November 8, 2012
Urban affairs offers students chance to study in China
Partnership with SCUT provides new opportunities, dual degrees offered
In a move that has been in the works for two years, Cleveland State’s Maxine Goodman Levin College of Urban Affairs has entered a partnership with South China University of Technology (SCUT), which will allow students to study abroad and receive degrees from both universities.
The agreement, signed Oct.9, allows students from Cleveland State to study in China as a way to expose themselves to the Chinese system of doing things and to gain experience working with peers from different parts of the world. There will also be students from SCUT studying at Cleveland State as part of the arrangement.
Talks for a partnership began two years ago when Professor Yizhong Zhu was visiting Cleveland State and presented the idea of it working with SCUT.
“She was very insistent that there was a community of interest between us and the school of public administration at SCUT, and toward the end of her stay we were getting more and more requests from Chinese universities to partner so we decided to take a trip,” said Edward Hill, dean of the College of Urban Affairs.
Members of the college travelled to China last December to look at some of the universities offering to participate in a partnership with Cleveland State. It was decided that SCUT was the most progressive and would offer the most benefits to students. A return trip was made in April to finalize the plans for the partnership.
Hill believes it is increasingly important for Cleveland State students, particularly those in urban affairs, to be exposed to the largest country and one of the largest economies in the world.
“Providing access to our students to China was looking to be increasingly important,” Hill explained. “It’s a big and important place, and Guangzhou, which is where SCUT is, was the first Chinese city to liberalize, so they have the freest market system in the country. Guangzhou is also the first Chinese city to go through economic transition, so they believe there is a lot to be learned from Northeast Ohio.”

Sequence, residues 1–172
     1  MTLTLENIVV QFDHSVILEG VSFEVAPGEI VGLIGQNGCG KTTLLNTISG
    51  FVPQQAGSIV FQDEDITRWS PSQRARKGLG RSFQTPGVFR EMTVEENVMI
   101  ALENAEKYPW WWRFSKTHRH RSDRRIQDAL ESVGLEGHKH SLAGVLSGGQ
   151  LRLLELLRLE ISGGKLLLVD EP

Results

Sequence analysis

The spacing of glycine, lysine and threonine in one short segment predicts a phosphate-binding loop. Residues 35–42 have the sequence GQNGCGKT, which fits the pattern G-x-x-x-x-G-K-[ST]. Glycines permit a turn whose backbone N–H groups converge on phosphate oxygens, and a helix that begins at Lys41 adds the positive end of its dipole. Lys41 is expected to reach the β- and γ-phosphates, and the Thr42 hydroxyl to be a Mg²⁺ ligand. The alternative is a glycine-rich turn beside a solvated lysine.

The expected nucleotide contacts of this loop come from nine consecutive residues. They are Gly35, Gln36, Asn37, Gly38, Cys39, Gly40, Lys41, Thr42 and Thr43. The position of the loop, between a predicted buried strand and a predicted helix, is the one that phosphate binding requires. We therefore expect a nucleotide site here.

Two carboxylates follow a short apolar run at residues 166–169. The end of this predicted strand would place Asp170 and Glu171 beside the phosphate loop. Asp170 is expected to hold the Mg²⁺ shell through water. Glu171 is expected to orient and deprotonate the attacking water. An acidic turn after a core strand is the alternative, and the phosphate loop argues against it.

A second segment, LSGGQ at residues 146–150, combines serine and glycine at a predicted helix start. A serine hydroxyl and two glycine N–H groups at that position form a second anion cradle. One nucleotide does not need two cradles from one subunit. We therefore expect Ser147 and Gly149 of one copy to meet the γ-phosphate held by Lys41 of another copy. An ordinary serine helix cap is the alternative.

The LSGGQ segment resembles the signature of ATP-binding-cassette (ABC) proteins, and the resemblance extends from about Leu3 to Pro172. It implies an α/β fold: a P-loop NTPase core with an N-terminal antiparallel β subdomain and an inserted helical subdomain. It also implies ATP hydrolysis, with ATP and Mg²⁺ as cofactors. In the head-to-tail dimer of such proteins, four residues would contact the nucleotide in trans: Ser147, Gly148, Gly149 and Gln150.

SCUT is a full university with about 40,000 students and is the 25th ranked university in China. As a result, they report to the Ministry of Education. Though they are primarily a science and engineering school, SCUT reached out to Cleveland State because of the College of Urban Affairs’ No. 2 ranking in U.S. News and World Report.
The option to study in China through this partnership will be open to all undergraduates at Cleveland State once it is approved by the faculty senate, with the hope of beginning in the fall of 2013.
“We’ve gotten a set of courses that are equivalent to our gen-ed courses at Cleveland State approved at Guangzhou, and all of the courses that are approved are taught in English,” Hill said. “So it would be possible for a Cleveland State student to go to the Sino-North American College and get full Cleveland State credit for all of their courses.”
Also as part of the exchange, Cleveland State will be hosting study teams from Guangzhou’s municipal government and Guangdong’s provincial government as part of Cleveland State’s continuing education efforts.
“The idea is that, for the first phase, [students coming here] take the first two years at SCUT and the last two years at Cleveland Sate, and both universities give them degrees because we both accept each other’s credits,” Hill explained.
Cleveland State students travelling to China will be paying the same amount for tuition as they would if they were staying in Cleveland. Students visiting from China will be paying the out-of-state tuition fee. This money will be used to support the program and help establish faculty exchanges, which are expected to be in place by the third year of the partnership.
Photo Courtesy of en.scut.edu.cn